In a previous blog I discussed the important decision of determining whether you will have a manager managed or a member managed LLC . Once you have decided that your LLC will be manager managed, you should carefully think through the methodologies you want to put in place to elect and remove a manager.

In some LLCs, the manager is another business entity rather than a person, usually either another LLC or a corporation. This is often the structure in real estate development and investment groups where the manager is an entity controlled by the sponsor. If this is the case, election and removal provisions are simple – the manager is stated in the operating agreement and stays as the manager unless a successor is elected by a vote of the members. This vote is usually a supermajority vote, but the percentage will depend on what percent of the company the sponsor insiders own.

However, if the manager is an individual, the LLC operating agreement should consider what happens when the manager resigns, is unable to serve due to a disability or other circumstances, dies, should be removed for cause, or when the members simply want someone else to act as manager. How the operating agreement is drafted for these situations varies greatly based on who is doing the drafting.

If I am representing the manager, I will want to make sure that she cannot easily be removed. In that case, the operating agreement will provide that the manager may only be removed for cause, and such removal requires a vote of a supermajority of the members which supermajority will include the manager’s percentage interest as a member.

If I am representing an investor, I want to make sure the manager can be removed if she is not doing the best job for the company. This could include having a new election every year, or making removal easier (by less than a majority, and not for cause), and replacement easier (by a simple majority of the membership interests).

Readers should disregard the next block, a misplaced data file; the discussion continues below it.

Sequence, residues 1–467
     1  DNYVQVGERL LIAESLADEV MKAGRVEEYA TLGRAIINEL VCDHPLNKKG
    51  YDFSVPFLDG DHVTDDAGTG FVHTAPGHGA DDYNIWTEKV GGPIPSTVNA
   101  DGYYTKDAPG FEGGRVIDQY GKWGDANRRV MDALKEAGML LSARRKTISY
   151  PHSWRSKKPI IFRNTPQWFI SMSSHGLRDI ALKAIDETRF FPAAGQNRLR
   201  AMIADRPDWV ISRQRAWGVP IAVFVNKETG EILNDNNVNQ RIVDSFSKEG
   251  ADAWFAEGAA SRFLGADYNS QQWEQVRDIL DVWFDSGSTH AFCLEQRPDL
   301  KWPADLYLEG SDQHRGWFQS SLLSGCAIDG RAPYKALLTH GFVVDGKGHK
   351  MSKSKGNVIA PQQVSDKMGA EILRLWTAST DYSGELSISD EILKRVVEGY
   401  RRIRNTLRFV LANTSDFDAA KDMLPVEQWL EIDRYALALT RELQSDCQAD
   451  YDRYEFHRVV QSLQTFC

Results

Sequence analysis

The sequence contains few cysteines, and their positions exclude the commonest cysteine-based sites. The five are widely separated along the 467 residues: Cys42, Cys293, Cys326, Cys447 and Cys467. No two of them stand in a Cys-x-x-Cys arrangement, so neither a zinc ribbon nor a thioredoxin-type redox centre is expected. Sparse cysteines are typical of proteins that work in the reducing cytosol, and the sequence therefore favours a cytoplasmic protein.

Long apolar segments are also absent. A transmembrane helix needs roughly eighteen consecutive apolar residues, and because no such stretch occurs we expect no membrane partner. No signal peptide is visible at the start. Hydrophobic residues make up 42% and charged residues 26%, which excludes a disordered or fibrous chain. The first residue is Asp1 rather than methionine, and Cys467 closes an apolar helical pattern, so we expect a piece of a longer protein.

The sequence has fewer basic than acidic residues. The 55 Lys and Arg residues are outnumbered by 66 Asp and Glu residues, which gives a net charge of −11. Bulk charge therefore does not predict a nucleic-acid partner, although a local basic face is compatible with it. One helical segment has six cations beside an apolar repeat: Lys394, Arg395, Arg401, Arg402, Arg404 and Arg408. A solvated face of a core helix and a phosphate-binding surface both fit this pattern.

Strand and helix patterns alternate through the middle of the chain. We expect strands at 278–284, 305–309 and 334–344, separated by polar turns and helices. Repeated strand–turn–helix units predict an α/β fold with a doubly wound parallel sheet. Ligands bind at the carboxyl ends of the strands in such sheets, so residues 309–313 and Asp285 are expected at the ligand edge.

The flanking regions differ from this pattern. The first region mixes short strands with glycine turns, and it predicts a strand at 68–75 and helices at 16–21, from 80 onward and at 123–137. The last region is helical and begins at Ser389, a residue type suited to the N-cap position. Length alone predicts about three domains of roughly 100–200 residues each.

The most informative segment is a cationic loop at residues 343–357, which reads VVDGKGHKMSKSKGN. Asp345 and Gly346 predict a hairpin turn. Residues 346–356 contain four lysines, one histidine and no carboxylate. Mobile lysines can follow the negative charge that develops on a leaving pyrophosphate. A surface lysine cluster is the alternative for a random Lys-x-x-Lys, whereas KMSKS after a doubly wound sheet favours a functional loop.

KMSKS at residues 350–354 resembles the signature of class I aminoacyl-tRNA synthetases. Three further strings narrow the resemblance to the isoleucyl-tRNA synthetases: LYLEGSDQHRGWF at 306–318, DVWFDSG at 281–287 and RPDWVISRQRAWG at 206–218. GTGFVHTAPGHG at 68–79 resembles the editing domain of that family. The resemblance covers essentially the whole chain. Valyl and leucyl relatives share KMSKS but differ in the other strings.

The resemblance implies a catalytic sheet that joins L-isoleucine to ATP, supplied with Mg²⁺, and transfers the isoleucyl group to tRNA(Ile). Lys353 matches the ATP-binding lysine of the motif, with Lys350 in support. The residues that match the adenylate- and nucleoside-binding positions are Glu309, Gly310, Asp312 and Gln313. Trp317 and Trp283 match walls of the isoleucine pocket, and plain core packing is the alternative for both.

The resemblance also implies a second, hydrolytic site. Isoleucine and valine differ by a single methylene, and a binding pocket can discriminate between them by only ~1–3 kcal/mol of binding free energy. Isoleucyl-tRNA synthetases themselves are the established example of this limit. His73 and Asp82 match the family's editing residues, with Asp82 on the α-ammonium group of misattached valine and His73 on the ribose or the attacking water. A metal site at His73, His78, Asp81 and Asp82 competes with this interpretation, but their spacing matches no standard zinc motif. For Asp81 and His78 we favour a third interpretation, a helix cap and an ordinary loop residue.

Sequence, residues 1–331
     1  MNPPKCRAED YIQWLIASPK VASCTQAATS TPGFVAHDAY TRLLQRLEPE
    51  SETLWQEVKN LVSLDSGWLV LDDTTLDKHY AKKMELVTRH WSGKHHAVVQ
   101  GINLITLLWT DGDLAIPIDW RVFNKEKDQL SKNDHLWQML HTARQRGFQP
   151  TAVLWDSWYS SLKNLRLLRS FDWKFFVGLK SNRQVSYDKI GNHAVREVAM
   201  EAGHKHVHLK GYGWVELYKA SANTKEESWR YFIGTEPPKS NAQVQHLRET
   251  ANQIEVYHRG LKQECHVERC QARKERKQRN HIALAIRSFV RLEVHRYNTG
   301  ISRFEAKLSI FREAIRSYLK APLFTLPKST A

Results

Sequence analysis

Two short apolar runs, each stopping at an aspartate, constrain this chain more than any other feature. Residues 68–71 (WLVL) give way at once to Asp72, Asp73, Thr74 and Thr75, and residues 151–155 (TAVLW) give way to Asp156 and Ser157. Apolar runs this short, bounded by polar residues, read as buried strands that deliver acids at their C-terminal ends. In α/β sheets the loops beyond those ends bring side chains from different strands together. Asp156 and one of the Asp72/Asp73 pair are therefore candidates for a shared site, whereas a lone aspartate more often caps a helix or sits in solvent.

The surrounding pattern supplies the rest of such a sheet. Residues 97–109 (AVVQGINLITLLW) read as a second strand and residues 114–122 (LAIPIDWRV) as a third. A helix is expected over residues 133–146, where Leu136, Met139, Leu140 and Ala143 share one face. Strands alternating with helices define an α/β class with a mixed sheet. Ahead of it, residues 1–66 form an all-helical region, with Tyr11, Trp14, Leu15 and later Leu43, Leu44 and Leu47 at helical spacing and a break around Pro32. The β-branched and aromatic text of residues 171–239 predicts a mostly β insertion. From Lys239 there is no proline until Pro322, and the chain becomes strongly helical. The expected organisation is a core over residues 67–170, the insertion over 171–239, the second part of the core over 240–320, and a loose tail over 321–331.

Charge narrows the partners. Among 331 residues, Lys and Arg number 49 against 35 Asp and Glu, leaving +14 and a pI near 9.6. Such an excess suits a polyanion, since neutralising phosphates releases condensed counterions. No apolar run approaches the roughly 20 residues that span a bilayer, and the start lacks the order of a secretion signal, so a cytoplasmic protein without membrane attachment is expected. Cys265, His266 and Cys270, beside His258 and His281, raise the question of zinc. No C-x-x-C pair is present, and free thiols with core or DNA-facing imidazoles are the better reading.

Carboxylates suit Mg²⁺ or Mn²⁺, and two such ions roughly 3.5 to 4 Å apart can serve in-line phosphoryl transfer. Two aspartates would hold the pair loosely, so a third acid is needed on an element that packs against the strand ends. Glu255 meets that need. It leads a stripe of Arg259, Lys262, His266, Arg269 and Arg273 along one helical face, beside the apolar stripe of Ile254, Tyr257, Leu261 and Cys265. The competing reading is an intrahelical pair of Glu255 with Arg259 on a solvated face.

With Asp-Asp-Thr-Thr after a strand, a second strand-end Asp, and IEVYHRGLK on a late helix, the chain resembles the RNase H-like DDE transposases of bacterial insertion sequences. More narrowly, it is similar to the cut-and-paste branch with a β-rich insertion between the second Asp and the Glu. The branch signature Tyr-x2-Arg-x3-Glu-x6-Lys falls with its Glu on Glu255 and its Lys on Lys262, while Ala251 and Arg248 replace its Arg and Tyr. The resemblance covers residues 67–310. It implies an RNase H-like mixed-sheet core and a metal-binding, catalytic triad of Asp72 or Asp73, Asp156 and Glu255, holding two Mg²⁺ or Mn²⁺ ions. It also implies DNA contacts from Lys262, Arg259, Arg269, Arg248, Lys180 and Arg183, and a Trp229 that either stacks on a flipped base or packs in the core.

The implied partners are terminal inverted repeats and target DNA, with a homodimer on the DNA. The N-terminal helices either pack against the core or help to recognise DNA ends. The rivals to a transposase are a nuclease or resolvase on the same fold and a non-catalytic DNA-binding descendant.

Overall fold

In a family limited liability company, I will often dictate the initial successor manager in the operating agreement so that if dad is the manager and he dies or is unable to serve for any reason, there is clarity as to who will succeed him – whether that be mom, one of the kids, or an non-family member.

And all of these decisions get even more complicated if your operating agreement will have more than one manager. If you have multiple managers in one LLC, make sure you also consider whether certain groups of investors can elect a manager to represent their interests, or if all managers are elected the same way. And once they are elected, how will multiple managers make decisions? Do they all have to agree? Does a majority in the number of managers rule? These decisions lead to the next topic to consider when forming a manager managed LLC – what will the duties and powers of the manager(s) be? I will discuss powers of LLC managers in my next blog. Don’t assume the answers that are right for you can be found in a form document.

Tamara B. Pow is a founding partner of Strategy Law, LLP in downtown San Jose, California where she practices business and real estate law including formations, operations, transfers, conversions and dissolutions of LLCs and other business entities. Her personal experience investing in real estate limited liability companies (both family LLCs and investment LLCs) as well as her MBA and real estate brokers license help her in advising owners of limited liability companies and other business entities.

The information appearing in this blog does not constitute legal advice or opinion. Such advice and opinions are provided by the firm only upon engagement with respect to specific factual situations. Specific questions relating to this article should be addressed directly to Strategy Law, LLP.